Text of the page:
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posted: 1/24/2010 12:01 AM

Gov. check leads to threat of home loss in South Barrington

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  • South Barrington resident Bill Brough, 84, with his indemnification letter and other communications he's received from the Cook County treasurer's office.

    South Barrington resident Bill Brough, 84, with his indemnification letter and other communications he's received from the Cook County treasurer's office.
    Bob Chwedyk | Staff Photographer


For 84-year-old Bill Brough of South Barrington, what sounded like a foolproof offer to recover overpaid taxes ultimately led to a threat of losing his home.

Brough has been a resident of the village he helped found for its entire 50-year history, and he jokes that he may own the smallest house in the affluent community that sprouted up around it.

Though reasonably skeptical of offers that seem too good to be true, Bough saw no possibility of hidden danger in an offer from Chicago-based Kensington Research & Recovery to collect money owed him by the government in return for a 50 percent cut.

As Brough was unaware of any money owed him, it sounded like a zero-risk proposition. He would owe no money if no money was found.

True to its word, the firm found $4,064.30 apparently owed Brough by the Cook County treasurer's office for overpayment of 2002 property taxes.

As per the contract Brough had signed, Kensington took $2,032.15 and Brough received a check for the same amount on Oct. 27.

Just days later, Brough wrote a letter to Cook County Treasurer Maria Pappas complaining that a refund seven years overdue came with no additional interest, though if taxpayers make overdue payments to the treasurer's office, they carry significant interest penalties.

That's when he learned of the perils that can lurk in the convoluted world of Illinois government.

Brough received a letter from the treasurer's office on Dec. 18 saying that its payment had been an error and that he was responsible for repayment of the full amount by Sunday, Jan. 17.

In other words, he suddenly owed twice as much as he'd actually received.

"If reimbursement is not received within 30 days, your 2002 taxes will remain unpaid, be subject to accrual of late fees and may be offered at our next tax sale," the letter reads. "In addition, if you fail to respond to this notice within 30 days, all actions available to us under the law to recover these funds will be taken."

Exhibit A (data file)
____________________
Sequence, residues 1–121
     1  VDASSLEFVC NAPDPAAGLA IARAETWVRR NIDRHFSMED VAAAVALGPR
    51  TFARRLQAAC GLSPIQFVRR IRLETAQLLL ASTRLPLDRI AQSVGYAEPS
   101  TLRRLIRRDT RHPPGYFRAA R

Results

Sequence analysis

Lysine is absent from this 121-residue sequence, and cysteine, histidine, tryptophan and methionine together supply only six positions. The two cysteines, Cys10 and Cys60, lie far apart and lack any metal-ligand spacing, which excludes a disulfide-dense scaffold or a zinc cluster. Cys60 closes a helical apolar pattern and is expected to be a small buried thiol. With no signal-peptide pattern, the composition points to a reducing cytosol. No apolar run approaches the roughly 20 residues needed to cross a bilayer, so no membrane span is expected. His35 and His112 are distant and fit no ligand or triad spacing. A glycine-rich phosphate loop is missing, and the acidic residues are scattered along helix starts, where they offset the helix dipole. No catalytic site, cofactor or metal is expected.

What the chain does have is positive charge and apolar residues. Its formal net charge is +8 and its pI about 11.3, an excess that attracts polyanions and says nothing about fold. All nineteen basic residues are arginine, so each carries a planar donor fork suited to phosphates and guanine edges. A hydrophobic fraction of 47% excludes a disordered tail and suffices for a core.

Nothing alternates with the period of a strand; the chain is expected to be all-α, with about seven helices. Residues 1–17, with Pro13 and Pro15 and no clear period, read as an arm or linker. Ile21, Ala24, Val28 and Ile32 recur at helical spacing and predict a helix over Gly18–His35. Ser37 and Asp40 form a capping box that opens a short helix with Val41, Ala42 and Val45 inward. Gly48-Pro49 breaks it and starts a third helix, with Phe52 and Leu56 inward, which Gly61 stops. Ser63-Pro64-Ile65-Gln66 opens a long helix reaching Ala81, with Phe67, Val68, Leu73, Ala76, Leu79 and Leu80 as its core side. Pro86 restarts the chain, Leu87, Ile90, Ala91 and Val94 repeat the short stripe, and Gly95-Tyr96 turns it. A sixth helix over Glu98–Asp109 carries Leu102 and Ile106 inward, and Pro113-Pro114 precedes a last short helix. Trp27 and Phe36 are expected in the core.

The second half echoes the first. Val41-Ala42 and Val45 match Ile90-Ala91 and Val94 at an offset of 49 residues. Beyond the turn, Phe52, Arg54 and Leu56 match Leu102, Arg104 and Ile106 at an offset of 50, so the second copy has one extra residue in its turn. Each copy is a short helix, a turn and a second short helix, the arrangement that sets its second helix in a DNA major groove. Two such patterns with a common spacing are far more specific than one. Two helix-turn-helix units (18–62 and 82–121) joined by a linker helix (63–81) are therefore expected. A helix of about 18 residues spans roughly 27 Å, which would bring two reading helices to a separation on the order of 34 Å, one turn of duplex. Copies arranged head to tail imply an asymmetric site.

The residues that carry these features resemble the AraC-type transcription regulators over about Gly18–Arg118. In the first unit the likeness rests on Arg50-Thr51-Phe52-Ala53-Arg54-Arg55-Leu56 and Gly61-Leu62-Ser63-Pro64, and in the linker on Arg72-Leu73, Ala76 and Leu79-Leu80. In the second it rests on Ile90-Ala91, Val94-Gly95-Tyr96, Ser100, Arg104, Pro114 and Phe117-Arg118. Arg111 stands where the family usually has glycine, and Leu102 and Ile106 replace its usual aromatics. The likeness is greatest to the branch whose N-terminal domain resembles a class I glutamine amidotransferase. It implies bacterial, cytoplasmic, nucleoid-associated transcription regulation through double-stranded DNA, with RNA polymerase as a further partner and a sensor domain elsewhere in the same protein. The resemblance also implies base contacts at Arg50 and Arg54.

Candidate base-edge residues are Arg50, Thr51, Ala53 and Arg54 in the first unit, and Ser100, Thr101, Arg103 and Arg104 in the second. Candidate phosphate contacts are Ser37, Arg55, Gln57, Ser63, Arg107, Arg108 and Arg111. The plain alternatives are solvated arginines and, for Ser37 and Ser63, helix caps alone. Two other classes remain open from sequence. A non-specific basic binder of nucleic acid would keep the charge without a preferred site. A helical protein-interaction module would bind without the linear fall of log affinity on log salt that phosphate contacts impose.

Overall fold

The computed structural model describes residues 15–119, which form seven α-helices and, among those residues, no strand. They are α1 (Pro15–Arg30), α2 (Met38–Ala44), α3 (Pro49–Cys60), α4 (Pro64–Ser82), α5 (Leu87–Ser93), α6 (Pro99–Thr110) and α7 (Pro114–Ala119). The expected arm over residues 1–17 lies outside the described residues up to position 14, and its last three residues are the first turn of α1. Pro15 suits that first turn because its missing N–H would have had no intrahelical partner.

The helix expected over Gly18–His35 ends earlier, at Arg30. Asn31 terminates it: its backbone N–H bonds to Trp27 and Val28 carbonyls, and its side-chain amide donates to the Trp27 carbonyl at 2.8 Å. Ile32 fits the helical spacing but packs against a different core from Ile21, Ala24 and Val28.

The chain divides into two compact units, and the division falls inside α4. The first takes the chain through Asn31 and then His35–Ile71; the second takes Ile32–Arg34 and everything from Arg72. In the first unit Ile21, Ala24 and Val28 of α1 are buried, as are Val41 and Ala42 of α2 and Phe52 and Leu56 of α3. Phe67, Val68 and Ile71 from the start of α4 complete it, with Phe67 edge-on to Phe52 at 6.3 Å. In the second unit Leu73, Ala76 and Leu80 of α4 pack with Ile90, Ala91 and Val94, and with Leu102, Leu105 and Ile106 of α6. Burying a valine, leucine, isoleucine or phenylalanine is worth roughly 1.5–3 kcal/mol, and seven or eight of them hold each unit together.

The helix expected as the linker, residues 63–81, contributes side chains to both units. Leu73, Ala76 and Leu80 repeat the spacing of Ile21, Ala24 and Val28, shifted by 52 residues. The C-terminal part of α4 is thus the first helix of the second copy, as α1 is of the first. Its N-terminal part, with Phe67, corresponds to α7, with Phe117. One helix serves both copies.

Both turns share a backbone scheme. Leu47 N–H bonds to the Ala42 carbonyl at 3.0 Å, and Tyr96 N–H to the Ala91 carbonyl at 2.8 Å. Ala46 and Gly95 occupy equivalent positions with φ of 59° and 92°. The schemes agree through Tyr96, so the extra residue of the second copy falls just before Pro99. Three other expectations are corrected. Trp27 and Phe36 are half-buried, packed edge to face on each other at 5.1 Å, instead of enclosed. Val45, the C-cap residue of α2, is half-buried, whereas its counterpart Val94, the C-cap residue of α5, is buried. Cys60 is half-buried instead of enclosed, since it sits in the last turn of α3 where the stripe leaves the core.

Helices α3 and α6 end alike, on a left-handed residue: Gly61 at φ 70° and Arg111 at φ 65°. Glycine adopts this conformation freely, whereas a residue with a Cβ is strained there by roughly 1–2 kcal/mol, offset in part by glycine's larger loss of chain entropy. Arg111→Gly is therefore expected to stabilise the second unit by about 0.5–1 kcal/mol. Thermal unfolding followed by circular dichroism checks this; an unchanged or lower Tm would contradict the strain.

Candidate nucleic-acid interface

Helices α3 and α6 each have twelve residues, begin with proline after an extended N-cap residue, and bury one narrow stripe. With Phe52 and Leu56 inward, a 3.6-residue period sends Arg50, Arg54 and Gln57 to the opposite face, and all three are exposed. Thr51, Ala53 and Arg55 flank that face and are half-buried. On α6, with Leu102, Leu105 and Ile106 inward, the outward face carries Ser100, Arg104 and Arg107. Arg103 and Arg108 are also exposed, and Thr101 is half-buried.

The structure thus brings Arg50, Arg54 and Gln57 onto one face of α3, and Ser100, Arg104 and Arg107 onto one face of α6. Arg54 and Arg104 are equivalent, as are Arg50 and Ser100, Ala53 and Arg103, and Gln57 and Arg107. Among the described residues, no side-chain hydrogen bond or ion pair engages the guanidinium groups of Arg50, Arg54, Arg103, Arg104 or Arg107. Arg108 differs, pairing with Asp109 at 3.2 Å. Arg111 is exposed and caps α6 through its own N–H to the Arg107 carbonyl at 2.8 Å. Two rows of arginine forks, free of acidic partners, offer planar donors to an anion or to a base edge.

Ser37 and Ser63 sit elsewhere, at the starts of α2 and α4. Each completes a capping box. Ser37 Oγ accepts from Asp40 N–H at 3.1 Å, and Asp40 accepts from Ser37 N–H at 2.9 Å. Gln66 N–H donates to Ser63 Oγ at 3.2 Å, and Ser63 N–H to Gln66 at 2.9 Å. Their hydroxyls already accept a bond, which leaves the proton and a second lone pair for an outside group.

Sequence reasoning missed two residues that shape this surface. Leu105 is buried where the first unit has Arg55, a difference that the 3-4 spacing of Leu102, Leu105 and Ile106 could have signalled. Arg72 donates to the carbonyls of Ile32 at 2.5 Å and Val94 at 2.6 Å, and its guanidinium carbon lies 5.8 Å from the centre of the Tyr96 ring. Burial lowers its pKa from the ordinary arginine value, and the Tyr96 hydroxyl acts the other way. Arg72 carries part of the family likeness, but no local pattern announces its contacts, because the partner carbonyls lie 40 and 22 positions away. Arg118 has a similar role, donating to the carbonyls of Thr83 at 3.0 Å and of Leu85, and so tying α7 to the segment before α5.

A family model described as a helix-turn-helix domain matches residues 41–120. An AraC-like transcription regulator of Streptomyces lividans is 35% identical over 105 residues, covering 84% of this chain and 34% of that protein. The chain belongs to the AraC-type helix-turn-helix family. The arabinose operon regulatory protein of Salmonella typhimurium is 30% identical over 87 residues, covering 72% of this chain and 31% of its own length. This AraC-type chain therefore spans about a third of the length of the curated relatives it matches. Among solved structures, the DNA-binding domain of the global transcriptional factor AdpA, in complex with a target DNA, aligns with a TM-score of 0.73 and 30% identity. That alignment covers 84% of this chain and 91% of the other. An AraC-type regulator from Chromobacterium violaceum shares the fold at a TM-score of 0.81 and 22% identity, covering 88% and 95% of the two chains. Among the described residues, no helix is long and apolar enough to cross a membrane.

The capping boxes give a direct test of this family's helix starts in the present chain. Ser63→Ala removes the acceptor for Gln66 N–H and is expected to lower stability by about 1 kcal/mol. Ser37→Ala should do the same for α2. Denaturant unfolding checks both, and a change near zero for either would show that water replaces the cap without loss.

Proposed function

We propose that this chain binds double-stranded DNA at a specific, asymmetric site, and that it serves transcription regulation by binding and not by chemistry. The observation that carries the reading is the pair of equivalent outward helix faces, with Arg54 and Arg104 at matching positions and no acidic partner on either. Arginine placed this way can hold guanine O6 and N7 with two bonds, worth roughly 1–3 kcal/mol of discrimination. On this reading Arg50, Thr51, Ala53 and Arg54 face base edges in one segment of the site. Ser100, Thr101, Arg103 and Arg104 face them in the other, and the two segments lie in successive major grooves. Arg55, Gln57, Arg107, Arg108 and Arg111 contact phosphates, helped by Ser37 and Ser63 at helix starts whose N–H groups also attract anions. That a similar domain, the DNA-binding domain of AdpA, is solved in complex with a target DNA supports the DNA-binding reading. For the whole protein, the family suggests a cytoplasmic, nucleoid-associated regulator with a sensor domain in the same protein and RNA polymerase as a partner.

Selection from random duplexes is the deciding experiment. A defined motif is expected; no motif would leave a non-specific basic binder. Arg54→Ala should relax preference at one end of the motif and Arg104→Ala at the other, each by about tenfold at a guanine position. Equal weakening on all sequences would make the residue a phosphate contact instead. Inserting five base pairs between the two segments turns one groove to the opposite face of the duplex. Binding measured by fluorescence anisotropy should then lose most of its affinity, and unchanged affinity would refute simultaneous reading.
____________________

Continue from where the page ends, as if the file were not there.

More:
"It really shook me to get that letter from her," he said.

Following inquiries by the Daily Herald, the Cook County treasurer's office looked into the matter.

Spokesman Bob Benjamin said Brough had received a rebate check for the same amount - minus the accrued interest - in 2004. He added that it was a communication lapse among the treasurer's office, Cook County assessor and Illinois Property Tax Appeals Board that had led Kensington to accidentally identify the refund as unpaid and for a new check to then be cut.

"It shouldn't have gone out," Benjamin said. "We caught it post-facto."

The treasurer's office talked with both Brough and Kensington Research & Recovery and each party agreed to return the amount received, resolving the matter.

Brough said he has no memory of receiving the earlier rebate, but he's grudgingly satisfied with the outcome.

He insisted though on getting a letter from the treasurer's office that clearly indemnified him from any further legal action in exchange for his repayment. He wasn't taking any more chances on the county's paperwork.

Benjamin said that a new system was developed in 2006 to better track such matters, but Brough's original rebate predated that system.

Frank DalBello, director of Kensington Research & Recovery, said his firm searches through public records and is able to help thousands of taxpayers every year by finding amounts owed that have gone unpaid. He characterized the situation Brough landed in as unique.

"This may be the first time I've ever seen that happen," DalBello said.

Benjamin agreed problems are rare in such transactions, saying the treasurer's office interacts with many companies that do the same work as Kensington.

"This is a very unusual case," Benjamin said.